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p.m.and6 a.m. Unlike the summer high in crimes of bodil y harm, burglary has a different cycle. You are most likel y to be robbed between 6 p.m. and 2 a.m. on a Saturday night in December, January, or February. The most uncriminal month of all? May--- except for one strange statistic. More dog bites are reported in this month than in an y other month of the year. Apparentl y our intellectual seasonal cycles are completel y different from our criminal tendencies. Professor Huntington, of the Foundation for the Stud y of C ycles, made extensive studies to discover the seasons when people read serious books, attend scientific meetings, make the highest scores on examinations, and propose the most changes to patterns. In all instances, he found a spring peak and an autumn peak separated b y a summer low. On the other hand, Professor Huntington’s studies indicated that June is the peak month for suicides and admissions to metal hospitals. June is also a peak month for marriages! Possibl y, soaring thermometers and high humidit y bring on our strange and terrifying summer actions, but police officials are not sure. “There is, of course, no proof of a connection between humidit y and murder,” they say. “Wh y murder’s high time should come in the summertime we reall y don’t know.” 31.The passage is chiefl y about____________. A. wh y different kinds of crime seem to occur in different patterns B. the different between intellectual seasonal cycles and criminal tendencies C. all kinds of crimes in different months throughout the whole year D. how the seasons affect criminal and intellectual behavior 32. A murder would most likel y occur_____________. A. on a weekend night in summer B. on a weekday night in summer C. on a weekend night in winter D. on a weekday afternoon in winter 33. Which of the following is true according to the passage? A. The author is confused that so man y people marry in summer B. The author is surprised that so man y people attempt suicide or go mad in June C. The author doesn’t understand wh y some people choose to marry in June. D. The focus of the author is that he wants to call our attention to the worrisome month of June. 34. What doe the word “actions”(Line 2, Para. 5) refer to ?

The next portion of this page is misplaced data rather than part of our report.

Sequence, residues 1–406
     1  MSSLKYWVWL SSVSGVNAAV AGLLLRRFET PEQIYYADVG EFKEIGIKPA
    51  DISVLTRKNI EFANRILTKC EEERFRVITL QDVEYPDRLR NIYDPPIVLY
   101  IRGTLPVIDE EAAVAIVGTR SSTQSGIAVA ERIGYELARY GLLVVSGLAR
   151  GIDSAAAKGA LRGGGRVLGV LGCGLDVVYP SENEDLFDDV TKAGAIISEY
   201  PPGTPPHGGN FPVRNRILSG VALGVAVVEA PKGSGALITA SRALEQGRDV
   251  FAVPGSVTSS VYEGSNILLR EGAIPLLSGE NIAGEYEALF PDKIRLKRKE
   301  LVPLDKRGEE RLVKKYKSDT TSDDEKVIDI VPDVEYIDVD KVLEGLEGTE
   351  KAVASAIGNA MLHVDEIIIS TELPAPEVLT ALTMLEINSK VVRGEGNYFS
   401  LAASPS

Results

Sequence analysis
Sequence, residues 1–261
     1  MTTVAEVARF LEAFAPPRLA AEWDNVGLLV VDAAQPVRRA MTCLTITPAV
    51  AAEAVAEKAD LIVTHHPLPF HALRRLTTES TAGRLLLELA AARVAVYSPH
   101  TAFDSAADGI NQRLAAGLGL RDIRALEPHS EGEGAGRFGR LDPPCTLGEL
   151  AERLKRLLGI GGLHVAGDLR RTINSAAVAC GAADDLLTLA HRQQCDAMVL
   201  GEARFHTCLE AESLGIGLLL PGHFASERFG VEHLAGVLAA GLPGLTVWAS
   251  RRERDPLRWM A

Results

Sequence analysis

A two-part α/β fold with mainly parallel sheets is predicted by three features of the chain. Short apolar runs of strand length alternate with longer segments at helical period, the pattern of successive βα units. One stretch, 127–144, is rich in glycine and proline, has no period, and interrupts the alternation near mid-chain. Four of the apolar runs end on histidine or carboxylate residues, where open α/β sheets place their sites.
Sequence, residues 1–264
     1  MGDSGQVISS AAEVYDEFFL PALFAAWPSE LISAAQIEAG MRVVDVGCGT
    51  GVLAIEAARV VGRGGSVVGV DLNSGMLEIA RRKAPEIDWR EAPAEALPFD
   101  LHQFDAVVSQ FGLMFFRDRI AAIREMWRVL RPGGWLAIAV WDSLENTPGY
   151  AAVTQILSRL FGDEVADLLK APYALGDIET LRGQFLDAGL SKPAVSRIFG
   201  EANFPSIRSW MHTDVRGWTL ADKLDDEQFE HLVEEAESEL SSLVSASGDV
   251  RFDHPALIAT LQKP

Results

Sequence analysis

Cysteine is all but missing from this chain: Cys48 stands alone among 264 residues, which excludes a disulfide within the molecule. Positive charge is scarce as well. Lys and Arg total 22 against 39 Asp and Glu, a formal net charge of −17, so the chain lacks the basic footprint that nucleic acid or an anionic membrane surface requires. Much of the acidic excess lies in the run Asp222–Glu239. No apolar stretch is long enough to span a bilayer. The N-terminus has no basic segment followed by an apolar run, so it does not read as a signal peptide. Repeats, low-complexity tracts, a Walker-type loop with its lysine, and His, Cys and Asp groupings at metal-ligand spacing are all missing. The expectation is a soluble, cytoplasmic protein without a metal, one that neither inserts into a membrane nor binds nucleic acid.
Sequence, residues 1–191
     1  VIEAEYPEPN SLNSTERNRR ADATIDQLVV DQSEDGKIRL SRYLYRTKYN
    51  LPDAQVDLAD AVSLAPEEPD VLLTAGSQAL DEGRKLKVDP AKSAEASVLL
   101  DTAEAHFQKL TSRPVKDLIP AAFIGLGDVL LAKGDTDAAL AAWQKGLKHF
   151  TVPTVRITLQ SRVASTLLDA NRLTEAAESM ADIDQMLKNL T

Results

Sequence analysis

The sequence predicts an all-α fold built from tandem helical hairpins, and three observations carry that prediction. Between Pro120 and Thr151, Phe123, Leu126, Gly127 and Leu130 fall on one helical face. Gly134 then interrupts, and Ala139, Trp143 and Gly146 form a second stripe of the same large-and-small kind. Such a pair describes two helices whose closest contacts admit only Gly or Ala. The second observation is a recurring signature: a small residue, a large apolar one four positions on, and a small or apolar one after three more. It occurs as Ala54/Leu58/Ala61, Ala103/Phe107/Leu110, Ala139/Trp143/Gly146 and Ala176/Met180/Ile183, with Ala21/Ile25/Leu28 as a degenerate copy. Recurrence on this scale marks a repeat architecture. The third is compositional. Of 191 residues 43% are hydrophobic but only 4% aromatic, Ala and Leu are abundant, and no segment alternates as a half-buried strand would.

A. Various crimes mentioned in the above paragraphs. B. Suicides and admissions to mental hospitals. C. Dynamic intellectual activities such as good performances in exams. D. Violent attacks such as rape and murder. 35. It can be inferred from the passage that _____________. A. cold weather and high humidit y cause more crimes. B. dogs are more likel y to bite us in May C. Professor Huntington is an expert in various cycles D. the crime pattern has changed a lot over a long period of years Passage B Questions 36 to 40 are based on the following passage. Have you ever gone to concert and realized that your seats were right next to the booming speakers? Sometimes it’s difficult to avoid loud music or noises, but they can be bad news because loud noises can cause temporary or permanent hearing loss. Extremel y loud music and noises that go on for long periods of time are common causes of deafness. If a noise is so loud that you have to shout to make yourself heard, there is a chance that the mechanism inside your ear can be injured. Temporary hearing loss can happen after you’ve been exposed to loud noises for onl y 15 minutes. If you have temporary hearing loss, you won’t be able to hear as well as you normall y can, and you may have tinnitus( 耳 鸣 ), which is a fancy word for ringing in the ears. Your ears can feel “full”, too. Luckil y, these things usuall y go away and your hearing soon returns to normal. Permanent hearing loss can happen when someone is exposed to loud noises over and over. Construction workers and people who work in factories must wear ear protection because the equipment they use can be extremel y loud. But even some lawn mowers and power tools can permanentl y affect a person’s abilit y to hear high-pitched noises and can also give him permanent tinnitus. Listening to extremel y loud music over and over can also have the same effect on a person’s hearing. And using headphones on a portable cassette or CD player can be dangerous because if the volume is too high and the headphones are used a lot, the noise can damage the ears. So just be sure the volume isn’t up too high, and give the ears a rest every once in a while. . 36. In the first paragraph the word “booming” most probabl y means A. livel y and friendl y B. talkative and eas y to get along with C. speaking in a loud and deep voice D. wealth y 37. Which of the following is similar in meaning to “deafness”?